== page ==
Jose Bautista, Melky Cabrera and Colby Rasmus also missed significant time but their injuries occurred once the Jays were out of the race.
Anthopoulos had no intention from diverting from the course set out with the major trades of last offseason. He wants the players he's assembled from years past, most of whom remain here, to get the job done.
"We weren't going to take away from the core of this team," said Anthopoulos. "We made a change behind the plate; that was important to us. Second base, we think there's obviously going to be turnover there. A third of our lineup is probably going to be different from opening day last year."
DEALING WITH INJURIES
There's nothing the Blue Jays could do about Jose Reyes and Brett Lawrie injuring their ankles sliding into second base. Nothing could have been done to prevent Brandon Morrow's nerve injury.
Anthopoulos puts a lot of the aches and pains that befell last year's club in the "freak injury" category. The club is concerned about the number of oblique injuries it's suffered, however.
"Colby (Rasmus) missed about four to six weeks and Rajai (Davis) missed two to three weeks," said Anthopoulos. "There are some things that we tweaked there. Like I talked about at the end of last year, it seems obliques are popping up a lot more or at least they're being diagnosed a lot more. It felt like for us, the last two years, we were getting a lot more obliques so we reevaluated some of the strength and conditioning work that we were doing and made some tweaks there."
Brett Lawrie's missed time with an oblique strain in each of the last two seasons. He added yoga to his offseason workout regimen in an effort to loosen his core muscles.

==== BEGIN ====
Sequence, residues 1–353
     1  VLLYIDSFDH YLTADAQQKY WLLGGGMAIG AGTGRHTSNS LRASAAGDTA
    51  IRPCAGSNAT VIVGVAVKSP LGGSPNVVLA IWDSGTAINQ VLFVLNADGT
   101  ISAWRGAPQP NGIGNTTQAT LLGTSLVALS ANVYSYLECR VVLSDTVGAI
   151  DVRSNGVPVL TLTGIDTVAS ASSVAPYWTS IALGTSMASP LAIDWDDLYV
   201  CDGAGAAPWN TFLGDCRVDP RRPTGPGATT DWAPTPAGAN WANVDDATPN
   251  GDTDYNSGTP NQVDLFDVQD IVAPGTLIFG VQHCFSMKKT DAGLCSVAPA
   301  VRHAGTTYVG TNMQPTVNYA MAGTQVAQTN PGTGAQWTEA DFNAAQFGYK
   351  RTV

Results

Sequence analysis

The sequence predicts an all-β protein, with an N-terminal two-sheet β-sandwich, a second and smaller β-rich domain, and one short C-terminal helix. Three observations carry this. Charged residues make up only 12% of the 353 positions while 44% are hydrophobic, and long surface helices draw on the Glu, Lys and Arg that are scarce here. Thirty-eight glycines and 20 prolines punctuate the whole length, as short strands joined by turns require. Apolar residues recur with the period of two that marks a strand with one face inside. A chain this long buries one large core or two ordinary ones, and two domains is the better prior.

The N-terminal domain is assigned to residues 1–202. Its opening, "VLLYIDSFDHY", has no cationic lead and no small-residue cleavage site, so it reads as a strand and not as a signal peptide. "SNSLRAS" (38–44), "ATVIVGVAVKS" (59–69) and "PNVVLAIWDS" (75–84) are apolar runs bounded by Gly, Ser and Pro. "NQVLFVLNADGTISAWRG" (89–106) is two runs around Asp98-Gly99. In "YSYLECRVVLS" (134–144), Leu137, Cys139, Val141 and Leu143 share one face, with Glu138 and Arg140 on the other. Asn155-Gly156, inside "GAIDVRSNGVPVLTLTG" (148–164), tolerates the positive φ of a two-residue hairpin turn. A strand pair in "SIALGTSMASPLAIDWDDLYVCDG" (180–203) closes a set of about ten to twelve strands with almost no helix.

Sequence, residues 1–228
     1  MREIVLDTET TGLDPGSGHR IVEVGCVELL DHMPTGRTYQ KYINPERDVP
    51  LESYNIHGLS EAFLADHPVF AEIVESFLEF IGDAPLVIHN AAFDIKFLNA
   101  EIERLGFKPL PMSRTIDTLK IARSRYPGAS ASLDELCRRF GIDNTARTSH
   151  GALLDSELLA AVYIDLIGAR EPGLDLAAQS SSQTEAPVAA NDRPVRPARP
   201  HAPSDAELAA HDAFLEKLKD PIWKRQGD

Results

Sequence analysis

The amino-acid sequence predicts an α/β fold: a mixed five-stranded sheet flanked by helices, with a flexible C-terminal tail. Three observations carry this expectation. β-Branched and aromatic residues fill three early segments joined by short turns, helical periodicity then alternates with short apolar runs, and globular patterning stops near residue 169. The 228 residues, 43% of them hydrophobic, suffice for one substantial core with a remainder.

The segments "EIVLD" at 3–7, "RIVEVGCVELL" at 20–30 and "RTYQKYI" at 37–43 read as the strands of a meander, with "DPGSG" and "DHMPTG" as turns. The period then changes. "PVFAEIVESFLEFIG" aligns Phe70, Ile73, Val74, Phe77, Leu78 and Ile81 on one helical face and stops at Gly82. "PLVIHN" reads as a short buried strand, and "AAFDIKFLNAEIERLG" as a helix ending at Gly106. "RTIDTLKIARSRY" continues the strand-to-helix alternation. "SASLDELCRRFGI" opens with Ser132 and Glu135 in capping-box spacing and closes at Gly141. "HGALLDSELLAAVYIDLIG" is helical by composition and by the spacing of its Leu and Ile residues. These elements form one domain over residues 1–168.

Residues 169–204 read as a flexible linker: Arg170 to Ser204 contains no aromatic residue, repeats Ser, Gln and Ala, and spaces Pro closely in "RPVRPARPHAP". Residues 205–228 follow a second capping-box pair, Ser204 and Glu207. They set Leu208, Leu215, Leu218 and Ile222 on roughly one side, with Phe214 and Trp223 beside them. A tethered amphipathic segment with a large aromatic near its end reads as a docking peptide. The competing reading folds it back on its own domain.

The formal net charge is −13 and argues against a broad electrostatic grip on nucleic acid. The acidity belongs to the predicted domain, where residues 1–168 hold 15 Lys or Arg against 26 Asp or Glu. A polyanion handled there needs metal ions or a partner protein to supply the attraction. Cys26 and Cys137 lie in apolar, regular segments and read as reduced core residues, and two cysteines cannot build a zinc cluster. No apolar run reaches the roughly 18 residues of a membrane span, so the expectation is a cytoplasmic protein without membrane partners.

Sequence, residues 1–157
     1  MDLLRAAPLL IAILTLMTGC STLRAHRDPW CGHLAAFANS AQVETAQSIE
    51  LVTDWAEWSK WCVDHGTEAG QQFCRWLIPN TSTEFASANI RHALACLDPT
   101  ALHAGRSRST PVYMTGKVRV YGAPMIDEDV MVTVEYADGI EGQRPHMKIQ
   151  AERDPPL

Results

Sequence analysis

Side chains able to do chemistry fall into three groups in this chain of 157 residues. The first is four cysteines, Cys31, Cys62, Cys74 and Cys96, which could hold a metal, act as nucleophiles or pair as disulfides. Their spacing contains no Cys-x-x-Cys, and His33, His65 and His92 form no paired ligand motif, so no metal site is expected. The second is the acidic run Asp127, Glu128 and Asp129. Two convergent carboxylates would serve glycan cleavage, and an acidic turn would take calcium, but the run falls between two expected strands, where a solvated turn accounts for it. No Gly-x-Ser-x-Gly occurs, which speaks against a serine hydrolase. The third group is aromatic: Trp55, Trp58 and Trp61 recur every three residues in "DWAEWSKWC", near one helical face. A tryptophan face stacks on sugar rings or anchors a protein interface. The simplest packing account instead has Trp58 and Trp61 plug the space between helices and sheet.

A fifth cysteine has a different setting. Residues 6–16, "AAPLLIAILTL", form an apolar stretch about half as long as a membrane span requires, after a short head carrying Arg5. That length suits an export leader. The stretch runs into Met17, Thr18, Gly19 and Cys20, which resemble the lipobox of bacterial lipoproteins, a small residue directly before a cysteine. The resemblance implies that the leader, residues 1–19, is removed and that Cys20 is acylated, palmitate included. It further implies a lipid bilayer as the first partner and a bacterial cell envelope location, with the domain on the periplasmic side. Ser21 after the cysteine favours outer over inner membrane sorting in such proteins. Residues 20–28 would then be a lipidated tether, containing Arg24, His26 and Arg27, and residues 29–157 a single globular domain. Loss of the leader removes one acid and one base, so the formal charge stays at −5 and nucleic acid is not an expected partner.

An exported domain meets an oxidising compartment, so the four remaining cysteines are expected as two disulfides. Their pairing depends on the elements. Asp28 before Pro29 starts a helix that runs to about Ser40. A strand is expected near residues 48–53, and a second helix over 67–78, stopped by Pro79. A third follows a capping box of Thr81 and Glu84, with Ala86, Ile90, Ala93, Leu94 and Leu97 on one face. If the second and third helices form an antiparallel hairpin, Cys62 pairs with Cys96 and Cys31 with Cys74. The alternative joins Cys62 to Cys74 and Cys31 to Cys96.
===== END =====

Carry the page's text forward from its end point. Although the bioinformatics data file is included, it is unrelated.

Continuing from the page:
Brandon Morrow missed almost three months of the 2012 season with an oblique strain.
FILLING OUT THE ROTATION
Esmil Rogers and Todd Redmond appear to be the early favourites to land the final starter's job. Both are out of options, meaning they could be lost to waivers if the Jays tried to send them to the minor leagues.
They face stiff competition from emerging youngsters like Drew Hutchison, Marcus Stroman and Kyle Drabek, and could find themselves in the bullpen if they don't win a starting job out of spring training.
"We started before with an eight-man bullpen," said Anthopoulos. "We could do that as well. If everyone is throwing the ball that well and we don't want to expose anyone to waivers, or we don't want to trade someone and not get full value, we could go to an eight-man bullpen."
HIGH PRAISE FOR GOINS
Ryan Goins will have to earn the starting job at second base this spring but his boss loves his defense.
"He's as good defensively, I believe, as we've had here since Orlando Hudson was here," said Anthopoulos. "I think he's that good a defender. Defensively, he's gold glove caliber. The question will be the bat. Obviously we've got some competition for him and if he does make this team we view him right now as the nine-hole hitter. I think with Ryan, because the defense is so good, it allows him to not have to hit as much because he can help us on the other side of the ball to such a great extent."
Maicer Izturis, Brent Morel, Chris Getz and Jonathan Diaz also are vying for the second base job.